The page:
The Five Best Toys of All Time
In his book How To Raise A Wild Child – The Art and Science of Falling In Love With Nature, Dr. Scott D. Sampson (Dr. Scott from Dinosaur Train!) referred to an article in Wired Magazine called “The 5 Best Toys of All Time.” I looked it up and was half-surprised to learn that rather than high-tech toys or well-crafted games, the list consisted of:
- Cardboard Tube
Any parent who has watched their child play more with the boxes their Christmas presents were wrapped in, knows that this list is spot on.
Dr. Scott calls these examples of toys “loose parts”. Things with no designated role. In other words, “toys that can be adapted to an almost infinite range of purposes limited only by children’s imaginations“. If you think about it, the list of what could be a “loose part” is pretty long.
He goes on to say:
“Take the top toy on this list – the stick, inducted into the National Toy Hall of Fame in 2008. Sticks come in an amazing array of sizes, shapes, colors, textures, and heft. Indeed, no two are exactly alike. You can use a stick to make interesting patterns in sand, snow, or dirt. You can balance a stick on your hand, or lean on it as you walk. Sticks can easily be transformed into wands, scepters, telescopes, fishing rods, shovels, and, yes, swords (or the higher-tech version, light sabers). A bunch of sticks – or better yet, logs – make terrific building materials, with construction possibilities spanning towers, chairs, houses, and hideouts. Big sticks offer kids opportunities to test their strength.”
Examples of Loose Parts
Water • sand • dirt • sticks • branches • logs • driftwood • grasses • moss • leaves • flowers • pine cones • pine needles • seeds • shells • bark • feathers • boulders • rocks • pebbles • stones • balls • hula-hoops • jump ropes • tires • straw • buckets • cups • containers • digging tools • hammer and nails • chalk • blankets • scarves • ribbons • fabric • tarps • sticks • branches
Blocks • building materials • manipulatives • measuring • pouring devices (cups, spoons, buckets, funnels) • dramatic play props • play cars, animals, and people • blankets • materials • water • sensory materials • recycled materials (paper tubes, paper, ribbons, caps, lids, wood scraps, wire, foam, cardboard) • tools • art materials (markers, paints, pens, stamps, etc) • craft materials (buttons, spools, natural and colored popsicle sticks, beads, straws, paints, brushes)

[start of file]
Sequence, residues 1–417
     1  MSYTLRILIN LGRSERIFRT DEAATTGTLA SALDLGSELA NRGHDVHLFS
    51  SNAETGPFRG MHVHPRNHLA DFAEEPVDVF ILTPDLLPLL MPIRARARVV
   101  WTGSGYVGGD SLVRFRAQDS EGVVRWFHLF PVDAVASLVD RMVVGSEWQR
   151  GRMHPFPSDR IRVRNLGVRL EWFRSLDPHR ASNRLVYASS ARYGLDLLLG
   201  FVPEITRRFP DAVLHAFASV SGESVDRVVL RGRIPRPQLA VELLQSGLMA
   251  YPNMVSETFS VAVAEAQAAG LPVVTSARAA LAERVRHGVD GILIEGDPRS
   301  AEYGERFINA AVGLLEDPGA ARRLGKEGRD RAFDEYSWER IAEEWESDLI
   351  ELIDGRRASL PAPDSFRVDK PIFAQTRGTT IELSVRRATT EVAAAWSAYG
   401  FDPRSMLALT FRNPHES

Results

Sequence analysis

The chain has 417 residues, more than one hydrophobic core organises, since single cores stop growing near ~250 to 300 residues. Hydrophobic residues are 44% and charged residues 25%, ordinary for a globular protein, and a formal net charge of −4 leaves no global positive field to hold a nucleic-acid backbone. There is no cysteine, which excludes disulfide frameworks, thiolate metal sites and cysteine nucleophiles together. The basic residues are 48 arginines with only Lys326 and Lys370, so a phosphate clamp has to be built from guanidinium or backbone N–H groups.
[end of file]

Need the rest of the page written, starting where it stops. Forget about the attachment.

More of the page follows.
Loose Parts Outside Are Better
I’m sure we have all seen this first hand. As my kids have grown and had more play time outside, I’ve noticed that not only do “loose parts” keep them busy for hours but that they come away so much happier and indeed, healthier. They seem to be alive in a different way than when they have just spent an hour playing Minecraft on the iPad. Eyes are brighter and confidence is stronger. Maybe it’s all of that fresh air and Vitamin D?
Dr. Scott says: “There is a rapidly growing mountain of evidence indicating that this kind of nature play is critical for [children’s] physical, mental, emotional, and social development, as well as their everyday health.”
Unstructured Is Best
Dr. Scott emphasizes that “loose parts” play needs to be unstructured. Kids need to feel like they are the ones making the rules. He suggests to simply “get kids outside, get out of the way, and let them play”.
The idea of loose parts sounds so simple – and cheap! And in my experience it is. We do have to sweep up dirt a lot more over here and use more stain remover (who am I kidding? I rarely use stain remover – our kids just look like orphans most of the time). But the benefits have been more than worth it! I’ve been amazed at what loose parts have done for my kid’s creativity and overall happiness. I don’t feel guilty at all telling them to get outside and “go play”!
Now that you know there is a name for them – what are your favorite loose parts? I’d love to hear what role loose parts played in your childhood or how you are implementing them for your children now.